It’s almost working. I still have to polish off the spill and fill code.
I’ve noticed the allocator does a ton of stores and loads in larger routines. I’m not sure it’s worth the extra memory overhead. There likely is something wrong with the code yet. Compiling the code also seems sluggish compared to the simpler allocator. Still it only takes less than a second to compile a file.
I have an ulterior motive for getting color graphing working. If it works well enough maybe a machine with only 16 regs could be in the works.

_________________
Robert Finch http://www.finitron.ca


Sun Sep 02, 2018 2:49 am
Profile WWW

Joined: Wed Jan 09, 2013 6:54 pm
Posts: 984
Interesting - it feels like register allocation was a very hot topic at one point, although maybe the best known approaches have stabilised now. As you say, with improved compiler technology, maybe a simpler/cheaper/smaller CPU will suffice.


Sun Sep 02, 2018 5:33 am
Profile

Joined: Sat Feb 02, 2013 9:40 am
Posts: 656
Location: Canada
I have come. I have conquered. The register allocator was one thing I wanted to understand, and I think I have a pretty good handle on it now. I await for a GC book to arrive in the mail. I follow comp.arch. One of the latest topics there is superconducting computers. I wonder if they could be implemented using room-temperature super-conductors.

_________________
Robert Finch http://www.finitron.ca


Sun Sep 02, 2018 7:34 am
Profile WWW

Joined: Wed Jan 09, 2013 6:54 pm
Posts: 984
I realise there's another point lurking in your adventure: if you make a CPU with too many resources for the compiler to use, you may have something more complex/large/costly than you should have. At least, until the compiler catches up.


Sun Sep 02, 2018 7:36 am
Profile

Joined: Sat Feb 02, 2013 9:40 am
Posts: 656
Location: Canada
Labels on the mind tonight.
Creating the control flow graph has to find labels. In my simple implementation it calls a routine called ‘FindLabel’ which searches the entire peep list of instructions for the label. Well that’s inefficient and slow. So, I switched it to looking up the label in a table of labels which uses the label number as it’s index. This is just directly reading a single word without having to search. The cost is the label table has to be built, but it turns out there’s a place to do this when the optimizer is checking for unreferenced labels.
Upgraded the O(n^2) algorithm for removal of unreferenced labels to O(n). When I initially wrote it I didn’t worry too much about it as functions are generally small <100 LOC.
I’ve made several improvements to the compiler but I’ve yet to notice much difference in speed. It’s likely limited by loading of the file to be compiled.

_________________
Robert Finch http://www.finitron.ca


Mon Sep 03, 2018 3:19 am
Profile WWW

Joined: Sat Feb 02, 2013 9:40 am
Posts: 656
Location: Canada
Tonight’s issue was that I created a do-once construct but didn’t update the optimizer to process it. This left a block of un-optimized code in the output. It took a bit of tracing to track down.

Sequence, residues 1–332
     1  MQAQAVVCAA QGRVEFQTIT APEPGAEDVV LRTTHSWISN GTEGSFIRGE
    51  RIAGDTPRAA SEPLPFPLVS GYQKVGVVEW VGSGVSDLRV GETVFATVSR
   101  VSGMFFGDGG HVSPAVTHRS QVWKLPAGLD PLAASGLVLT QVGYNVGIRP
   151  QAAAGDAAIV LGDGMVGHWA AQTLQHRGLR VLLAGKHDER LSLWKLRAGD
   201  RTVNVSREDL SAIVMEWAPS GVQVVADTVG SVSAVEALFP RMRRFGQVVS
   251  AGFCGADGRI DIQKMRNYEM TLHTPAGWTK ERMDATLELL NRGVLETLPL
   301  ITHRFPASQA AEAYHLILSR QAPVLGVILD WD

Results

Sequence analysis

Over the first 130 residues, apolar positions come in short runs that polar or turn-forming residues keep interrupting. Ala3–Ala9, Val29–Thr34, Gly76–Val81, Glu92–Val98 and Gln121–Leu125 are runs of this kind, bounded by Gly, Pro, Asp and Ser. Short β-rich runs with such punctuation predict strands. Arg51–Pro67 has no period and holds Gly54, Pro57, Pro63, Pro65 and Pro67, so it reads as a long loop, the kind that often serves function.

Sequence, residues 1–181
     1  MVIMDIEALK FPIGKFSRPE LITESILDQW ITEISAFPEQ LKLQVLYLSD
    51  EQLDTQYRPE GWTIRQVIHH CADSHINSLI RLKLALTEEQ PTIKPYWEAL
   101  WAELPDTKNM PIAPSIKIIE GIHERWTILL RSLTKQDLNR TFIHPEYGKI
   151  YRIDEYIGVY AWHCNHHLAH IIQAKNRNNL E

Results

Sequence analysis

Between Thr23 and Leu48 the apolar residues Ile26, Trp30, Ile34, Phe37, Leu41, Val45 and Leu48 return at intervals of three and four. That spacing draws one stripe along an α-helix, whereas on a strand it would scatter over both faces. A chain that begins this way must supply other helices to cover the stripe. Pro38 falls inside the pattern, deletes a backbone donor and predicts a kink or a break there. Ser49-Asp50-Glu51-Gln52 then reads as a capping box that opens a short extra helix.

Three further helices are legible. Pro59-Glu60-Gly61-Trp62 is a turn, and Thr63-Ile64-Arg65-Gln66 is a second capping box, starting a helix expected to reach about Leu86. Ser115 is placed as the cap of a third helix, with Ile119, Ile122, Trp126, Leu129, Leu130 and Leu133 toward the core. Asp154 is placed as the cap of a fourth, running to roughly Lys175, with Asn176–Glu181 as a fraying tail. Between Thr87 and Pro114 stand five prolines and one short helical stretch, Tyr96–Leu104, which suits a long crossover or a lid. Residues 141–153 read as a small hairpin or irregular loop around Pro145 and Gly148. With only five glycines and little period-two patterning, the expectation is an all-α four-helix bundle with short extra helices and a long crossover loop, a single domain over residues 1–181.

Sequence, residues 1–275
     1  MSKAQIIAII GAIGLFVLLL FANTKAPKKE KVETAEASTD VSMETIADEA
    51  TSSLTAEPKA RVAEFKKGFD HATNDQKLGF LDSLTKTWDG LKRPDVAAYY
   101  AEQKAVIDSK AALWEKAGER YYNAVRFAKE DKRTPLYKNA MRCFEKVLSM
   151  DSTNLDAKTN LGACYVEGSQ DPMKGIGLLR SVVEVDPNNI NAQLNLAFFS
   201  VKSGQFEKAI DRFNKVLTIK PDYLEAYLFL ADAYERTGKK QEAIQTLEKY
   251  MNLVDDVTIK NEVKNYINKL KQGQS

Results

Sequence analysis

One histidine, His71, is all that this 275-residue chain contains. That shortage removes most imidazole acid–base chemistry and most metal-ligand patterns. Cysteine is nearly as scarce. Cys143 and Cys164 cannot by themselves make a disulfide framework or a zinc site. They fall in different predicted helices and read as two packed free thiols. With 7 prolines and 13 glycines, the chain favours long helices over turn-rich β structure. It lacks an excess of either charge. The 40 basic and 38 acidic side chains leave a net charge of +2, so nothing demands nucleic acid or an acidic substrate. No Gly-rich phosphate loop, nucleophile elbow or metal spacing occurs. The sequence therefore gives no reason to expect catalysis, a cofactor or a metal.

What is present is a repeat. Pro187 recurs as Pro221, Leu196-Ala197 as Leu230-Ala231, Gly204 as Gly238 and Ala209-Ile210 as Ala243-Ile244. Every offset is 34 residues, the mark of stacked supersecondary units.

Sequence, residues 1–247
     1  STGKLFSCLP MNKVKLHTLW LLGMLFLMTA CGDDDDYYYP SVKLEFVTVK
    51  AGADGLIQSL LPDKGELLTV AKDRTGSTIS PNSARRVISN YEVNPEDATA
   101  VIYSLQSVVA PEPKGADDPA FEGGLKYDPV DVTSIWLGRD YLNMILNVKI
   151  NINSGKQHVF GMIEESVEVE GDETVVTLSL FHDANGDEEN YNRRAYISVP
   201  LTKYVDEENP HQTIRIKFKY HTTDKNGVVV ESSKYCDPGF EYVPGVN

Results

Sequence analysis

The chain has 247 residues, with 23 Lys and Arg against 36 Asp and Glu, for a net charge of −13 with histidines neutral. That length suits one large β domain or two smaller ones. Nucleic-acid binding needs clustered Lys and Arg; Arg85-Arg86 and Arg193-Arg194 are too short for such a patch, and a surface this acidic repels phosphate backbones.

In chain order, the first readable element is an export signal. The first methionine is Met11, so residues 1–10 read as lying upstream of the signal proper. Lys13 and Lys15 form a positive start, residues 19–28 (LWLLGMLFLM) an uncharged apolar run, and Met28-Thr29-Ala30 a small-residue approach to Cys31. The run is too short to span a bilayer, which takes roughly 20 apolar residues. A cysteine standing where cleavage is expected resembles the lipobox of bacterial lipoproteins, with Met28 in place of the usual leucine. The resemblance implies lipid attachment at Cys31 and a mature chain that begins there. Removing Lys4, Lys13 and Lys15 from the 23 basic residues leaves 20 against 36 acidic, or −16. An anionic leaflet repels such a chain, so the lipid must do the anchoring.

_________________
Robert Finch http://www.finitron.ca


Fri Sep 07, 2018 3:19 am
Profile WWW

Joined: Sat Feb 02, 2013 9:40 am
Posts: 656
Location: Canada
Changed the expression parser so that it places immediate operands as the second operand (swaps order if necessary) for multiply and add operations. This allows the compiler to use immediate mode rather than loading a value into a register first. This is a very simple optimization which is done at parse time and so available even if optimization is turned off. In theory the optimizer already does this swapping around but it seems to sometimes miss opportunities depending on the order of expression nodes.

I put some time into the eventual creation of an LLVM version.

_________________
Robert Finch http://www.finitron.ca


Sat Sep 08, 2018 2:17 am
Profile WWW

Joined: Sat Feb 02, 2013 9:40 am
Posts: 656
Location: Canada
Spent much of the last two days (excepting a barbeque get-together, and some other mudane tasks) trying to get cmake to recognize commands. This is needed to build LLVM. I started working on table definitions for FT64. LLVM seems fairly reasonable to learn.

Continuing on with CC64: I loaded the instruction table into Excel, sorted it, then copied it back to the source code. I found several duplicated opcodes as a result. Sorting the opcode table is in preparation for being able to parse assembly language text. Looking up the mnemonics is going to use a simple binary search as opposed to a trie search since the mnemonics are already available to be used for output.

_________________
Robert Finch http://www.finitron.ca


Sun Sep 09, 2018 9:12 pm
Profile WWW
Display posts from previous:  Sort by  
Reply to topic   [ 41 posts ]  Go to page Previous  1, 2, 3

Who is online

Users browsing this forum: No registered users and 1 guest


You cannot post new topics in this forum
You cannot reply to topics in this forum
You cannot edit your posts in this forum
You cannot delete your posts in this forum
You cannot post attachments in this forum

Search for:
Jump to:  
cron
Powered by phpBB® Forum Software © phpBB Group
Designed by ST Software